At 7,350 yards in length and with rain in the forecast, the course is likely to play long and tough - if any doubt remains that this track has teeth then a cursory look at the 2005 leaderboard tells you all you need to know with Kenneth Ferrie winning at 3-under par and only another two of his peers finishing in red figures after 72 holes.
Tournament Stats. We've published some key player statistics for this week's Irish Open that will help to shape a view on players who traditionally play well at this event, although as mentioned above please note that the K Club is being used for the first time this week: Current Form | Tournament Form | First Round Leader Stats | Top 20 Finishes.
Predictor Model. Our published Predictor Model is available here. As always you can build your own model using the variables available.
Winners & Prices. 2015: Soren Kjeldsen, 150/1; 2014: Mikko Ilonen, 80/1; 2013: Paul Casey, 50/1; 2012: Jamie Donaldson, 66/1; 2011: Simon Dyson, 25/1; 2010: Ross Fisher, 20/1. For a summary of winners' odds on the European Tour for the past 5 years based on the 2016 schedule click here.
Weather Forecast. The latest weather forecast for the area is here. The tournament will be played in a mixture of rain and brighter spells with cool temperatures in the mid-50s Fahrenheit. A South-Westerly breeze in the 15-20 mph region will ensure that this is a solid test of golf.
Tournament Trends & Key Factors.
We have to go back to those aforementioned European Open events played on the Palmer Course a decade or more ago to get some feel as to the type of player who is likely to go well here this week:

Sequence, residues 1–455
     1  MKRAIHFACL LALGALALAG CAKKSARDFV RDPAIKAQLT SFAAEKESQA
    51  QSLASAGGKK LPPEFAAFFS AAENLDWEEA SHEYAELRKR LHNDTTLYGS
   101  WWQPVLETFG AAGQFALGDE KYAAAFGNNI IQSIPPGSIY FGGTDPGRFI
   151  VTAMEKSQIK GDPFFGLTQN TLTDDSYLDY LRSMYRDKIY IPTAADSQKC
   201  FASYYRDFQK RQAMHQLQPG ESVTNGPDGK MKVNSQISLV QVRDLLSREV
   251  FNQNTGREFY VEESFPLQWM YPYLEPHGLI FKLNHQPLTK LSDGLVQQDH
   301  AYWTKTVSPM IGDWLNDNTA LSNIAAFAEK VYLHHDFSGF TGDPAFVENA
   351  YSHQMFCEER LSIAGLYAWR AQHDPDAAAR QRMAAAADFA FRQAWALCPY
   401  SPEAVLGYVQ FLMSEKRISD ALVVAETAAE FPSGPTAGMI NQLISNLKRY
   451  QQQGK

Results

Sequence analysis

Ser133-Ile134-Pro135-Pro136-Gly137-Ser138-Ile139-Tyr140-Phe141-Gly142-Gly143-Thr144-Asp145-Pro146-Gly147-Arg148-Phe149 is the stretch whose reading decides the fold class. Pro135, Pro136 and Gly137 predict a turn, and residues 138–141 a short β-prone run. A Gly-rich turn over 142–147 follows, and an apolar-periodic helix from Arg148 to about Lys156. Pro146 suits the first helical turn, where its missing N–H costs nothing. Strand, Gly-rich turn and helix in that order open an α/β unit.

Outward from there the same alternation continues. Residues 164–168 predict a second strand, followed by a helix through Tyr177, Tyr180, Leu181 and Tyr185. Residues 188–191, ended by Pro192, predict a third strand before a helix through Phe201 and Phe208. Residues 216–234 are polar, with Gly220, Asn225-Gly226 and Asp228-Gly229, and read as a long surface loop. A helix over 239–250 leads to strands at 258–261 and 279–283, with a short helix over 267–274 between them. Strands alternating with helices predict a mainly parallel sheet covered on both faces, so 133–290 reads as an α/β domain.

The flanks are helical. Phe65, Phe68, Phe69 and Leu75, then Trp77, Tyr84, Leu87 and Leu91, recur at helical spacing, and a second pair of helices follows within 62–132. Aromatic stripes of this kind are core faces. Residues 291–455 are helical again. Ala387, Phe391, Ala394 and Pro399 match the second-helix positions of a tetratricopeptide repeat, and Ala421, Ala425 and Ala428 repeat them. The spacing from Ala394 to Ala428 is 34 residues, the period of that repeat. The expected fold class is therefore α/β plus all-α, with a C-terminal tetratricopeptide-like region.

Generally 60% or more fairways hit is required and a strong GIR performance looks to be a pre-requisite if you can see past Lee Westwood's stats, although much depends on the conditions here with more than a dozen shots separating the winning score from 2003 to 2005. This is a scoreable course in perfect conditions with plenty of risk-reward holes as is befitting a Ryder Cup venue, however in trickier weather the course has teeth and at 7,350 yards and plenty of dog-legs and holes with water in play, this layout can soon become a bogey avoidance grind.
Ultimately I think we'll come back to the weather this week. Rain is forecast in some shape or form on all four days, however it's likely to be the persistent, drizzly kind that grinds players down if they're caught in it for too long and it certainly won't be everyone's cup of tea. At present there's some uncertainty as to how the weekend will pan out, however it's quite possible that a deeper weather system will move in which could make conditions particularly tough. We shall see.
Bookmaker Offers. A number of bookmakers have extended their each-way terms again this week plus there's a couple of other offers out there:
For me, this maturing layout lends itself to those more adept from off the tee and with wet conditions likely I'm looking for players who are consistently strong Total Driving performers in that they're generally long and straight from off the tee. Iron play will be critical, however if it does turn nasty then those with a strong par-saving short game could well find themselves moving ever closer to the top of the leaderboard. Players with an early tee time on Thursday could have an advantage given the latest forecast and I'm going with 4 players from the morning wave.